Bill 148 will go to a third and final reading during another overnight session at the Nova Scotia Legislature Thursday, and CTV News has learned the government is planning to tackle judges’ salaries next.

Bill 148 does not apply to judges but their salaries are set through a tribunal, which the province is bound to accept.

“We went in starting with the same pay as we have with everyone else: with zeros,” said Nova Scotia Premier Stephen McNeil, referring to wage freezes that are set out for public sector workers in Bill 148.

But last fall, the salary tribunal awarded judges a 3.8 per cent increase for 2014, which bumps a judge’s salary from just under $223,000 to just over $231,000.

In both 2015 and 2016, salaries will increase along with the rate of inflation, forecasted at 0.6 per cent in the first year and 1.9 per cent in the second.

“It’s like arbitration, it’s final when it’s moved. Executive Council has no authority to change it. This tribunal of three people determines what the government and taxpayers of Nova Scotia can afford to pay,” McNeil said.

The premier says it highlights the risk for taxpayers and government, and he has to act. The Nova Scotia tribunal is the only one in the country whose recommendations are binding.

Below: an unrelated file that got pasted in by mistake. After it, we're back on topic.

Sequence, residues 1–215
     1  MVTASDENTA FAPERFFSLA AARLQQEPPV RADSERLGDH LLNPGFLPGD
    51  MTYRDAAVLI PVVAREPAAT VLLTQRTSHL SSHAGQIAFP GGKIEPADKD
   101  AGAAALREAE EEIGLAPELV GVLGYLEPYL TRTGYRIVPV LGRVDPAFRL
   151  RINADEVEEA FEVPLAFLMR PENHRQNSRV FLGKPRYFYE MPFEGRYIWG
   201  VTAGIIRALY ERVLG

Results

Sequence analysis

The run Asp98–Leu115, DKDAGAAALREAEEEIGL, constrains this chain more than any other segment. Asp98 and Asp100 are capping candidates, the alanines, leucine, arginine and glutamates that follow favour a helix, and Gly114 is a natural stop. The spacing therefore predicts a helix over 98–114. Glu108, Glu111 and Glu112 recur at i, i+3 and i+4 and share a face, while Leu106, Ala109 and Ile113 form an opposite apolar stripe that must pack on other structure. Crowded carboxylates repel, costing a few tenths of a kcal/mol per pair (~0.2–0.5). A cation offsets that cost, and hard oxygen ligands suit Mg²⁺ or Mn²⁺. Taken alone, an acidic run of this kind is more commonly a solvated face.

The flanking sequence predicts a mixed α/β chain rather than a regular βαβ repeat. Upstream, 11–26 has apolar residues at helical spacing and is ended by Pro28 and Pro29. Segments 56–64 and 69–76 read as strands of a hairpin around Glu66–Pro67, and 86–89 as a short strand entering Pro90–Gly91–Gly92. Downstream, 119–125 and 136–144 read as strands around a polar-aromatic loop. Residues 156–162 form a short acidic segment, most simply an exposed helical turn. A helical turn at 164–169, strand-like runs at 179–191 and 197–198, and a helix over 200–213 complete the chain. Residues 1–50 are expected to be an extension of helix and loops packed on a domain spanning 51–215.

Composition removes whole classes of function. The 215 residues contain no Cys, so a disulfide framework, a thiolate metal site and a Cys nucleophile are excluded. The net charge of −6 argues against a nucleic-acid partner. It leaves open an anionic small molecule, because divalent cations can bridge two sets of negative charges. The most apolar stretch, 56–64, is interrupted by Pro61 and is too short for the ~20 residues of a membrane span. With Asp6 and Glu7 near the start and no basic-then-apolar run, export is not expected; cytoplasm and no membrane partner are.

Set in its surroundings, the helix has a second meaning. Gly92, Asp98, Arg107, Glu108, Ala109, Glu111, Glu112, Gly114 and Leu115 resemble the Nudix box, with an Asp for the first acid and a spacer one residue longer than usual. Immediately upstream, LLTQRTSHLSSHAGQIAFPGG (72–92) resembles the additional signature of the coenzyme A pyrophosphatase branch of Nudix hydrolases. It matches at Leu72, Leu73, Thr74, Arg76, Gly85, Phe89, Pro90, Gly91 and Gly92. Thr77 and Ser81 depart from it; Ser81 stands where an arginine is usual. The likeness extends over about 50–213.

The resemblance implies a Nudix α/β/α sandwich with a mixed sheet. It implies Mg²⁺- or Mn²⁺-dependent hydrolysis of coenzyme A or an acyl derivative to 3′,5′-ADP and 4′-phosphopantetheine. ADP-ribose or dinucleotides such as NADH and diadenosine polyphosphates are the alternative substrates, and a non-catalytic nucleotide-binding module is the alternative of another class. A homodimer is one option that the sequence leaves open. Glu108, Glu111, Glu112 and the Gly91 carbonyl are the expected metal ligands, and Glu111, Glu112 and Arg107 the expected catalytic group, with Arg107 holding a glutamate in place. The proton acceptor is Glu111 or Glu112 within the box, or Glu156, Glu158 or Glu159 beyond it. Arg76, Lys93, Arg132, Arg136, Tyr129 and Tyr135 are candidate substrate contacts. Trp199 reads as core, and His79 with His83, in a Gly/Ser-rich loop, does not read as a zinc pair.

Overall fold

“We can actually still leave the tribunal but take out the clause that it’s binding, and that’s what happens in many other jurisdictions,” McNeil said. “That's what we're looking at: does it make sense for us?”

That’s something the government will tackle once Bill 148 is made law.

The NDP is doing its best to drag that process out.

“It’s one of the few tools we have as a small caucus you know, against a huge majority, to try and hold up the bill as long as possible so that people will become more aware of it,” said NDP MLA Lenore Zann.

This morning, the law amendments committee held a special hearing for a hearing-impaired man who was denied the opportunity to take part yesterday. Chairman Terry Farrell apologized today, saying too much attention was paid to sticking to the committee’s time frame.

But the man declined the invitation to appear today, instead submitting a statement to be read on his behalf.

In it he says he will be, “reviewing options with respect to filing a complaint on this issue with the Nova Scotia Human Rights Commission and or the Provincial Ombudsperson.”

Much opposition has been raised toward the bill – including union protests throughout the day Wednesday – but there has been some support.

“This is not cutting back salaries, this is stemming the growth of increases for salaries. And in a province that’s swimming in red ink, which we currently are, it’s important to see what's affordable,” said Nick Langley with the Canadian Federation of Independent Business.

The bill affects 75,000 public sector employees, including government departments and staff, Crown corporations and agencies.

With files from CTV Atlantic’s Jacqueline Foster